SH: I want to move on to talking about something that is pretty somber. Utah had the fifth highest suicide rate in the country from 2016 to 2018. And it is the leading cause of death for Utahns aged 10 to 17. How would you address that issue as governor?

CP: I think back to my own life, my own childhood. I had a very dear friend of mine who died by suicide when he was young and it cast a pall over the early years of my life. And his family is still in my heart. My heart goes out to people who may be listening to this that are suffering right now. I want you to know that I care about you and I'm hoping that you'll hang in there and things can get better and you can get help.

Some things that I think that the state government needs to do a better job on that: first off, I would encourage and use the authorities of the office of governor to make sure that we're compensating psychologists and psychiatrists that are engaged in evidence based mental health care the same way that we do internists.

Second, I want to make sure that we continue to have as broad of access to health care as possible. I'm very disappointed that right now the executive branch and my opponent in this election is supporting a lawsuit attempting to overturn the Affordable Care Act, which would decrease our access to mental health care for people who may be suffering from this dangerous disease.

If you or someone you know needs help, call the National Suicide Prevention Hotline at 800-273-8255.

SH: And lastly, what, if any, police reforms at the state level do you support?

CP: I want to try to find a future where we can have some police reform that gets buy in from community activists. We've talked with the police officers union, advocates from the Black Lives Matter community. Our law enforcement officers need mental health resources, too, including anger management and grief counseling to make sure that they've got the resources they need to be able to approach their job with an open heart, bright eyes and the willingness to protect and serve all people with equal justice under the law.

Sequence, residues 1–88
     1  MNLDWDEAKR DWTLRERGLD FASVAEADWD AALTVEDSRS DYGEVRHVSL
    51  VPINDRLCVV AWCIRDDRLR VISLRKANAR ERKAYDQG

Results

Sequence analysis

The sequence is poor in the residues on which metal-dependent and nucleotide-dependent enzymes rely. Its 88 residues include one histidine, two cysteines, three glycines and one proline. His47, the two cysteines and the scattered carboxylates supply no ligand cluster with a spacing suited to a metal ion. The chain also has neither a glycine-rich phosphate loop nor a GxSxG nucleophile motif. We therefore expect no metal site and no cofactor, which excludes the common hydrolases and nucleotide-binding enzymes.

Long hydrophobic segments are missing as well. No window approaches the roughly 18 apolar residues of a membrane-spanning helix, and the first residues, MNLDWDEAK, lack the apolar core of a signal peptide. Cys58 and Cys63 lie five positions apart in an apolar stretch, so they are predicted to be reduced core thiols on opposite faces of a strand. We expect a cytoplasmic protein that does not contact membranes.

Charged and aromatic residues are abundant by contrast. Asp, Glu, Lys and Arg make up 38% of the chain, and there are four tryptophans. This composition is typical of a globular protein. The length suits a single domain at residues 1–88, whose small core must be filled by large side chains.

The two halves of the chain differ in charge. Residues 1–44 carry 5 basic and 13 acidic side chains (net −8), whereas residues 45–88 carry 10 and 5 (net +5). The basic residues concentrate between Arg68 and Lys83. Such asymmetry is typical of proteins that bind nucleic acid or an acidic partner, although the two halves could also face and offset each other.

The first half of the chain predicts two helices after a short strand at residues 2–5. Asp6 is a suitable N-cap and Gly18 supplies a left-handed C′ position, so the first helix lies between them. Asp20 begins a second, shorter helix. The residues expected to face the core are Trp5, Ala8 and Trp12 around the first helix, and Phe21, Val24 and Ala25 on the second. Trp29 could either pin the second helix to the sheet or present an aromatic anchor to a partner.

We need to make sure that all the different departments have adequate conflict de-escalation policies. We can do a bit more training at the state level on that issue. I also support implicit bias training.

We also need to make sure that if there are police officers who are engaging in violence inappropriately on an ongoing basis or are intentional racists — that's unacceptable in our society. We need to keep track of them and they need to find a different profession. And we need community involvement in prosecutorial decisions to make sure that the community's interests are being represented.

One thing I will mention, last of all: I do not support defunding the police. And frankly, I've met virtually no Democratic politicians in the state of Utah that actually do. Sometimes that's held out there as though we support that, and it's just not so.

Sonja Hutson is a politics and government reporter at KUER.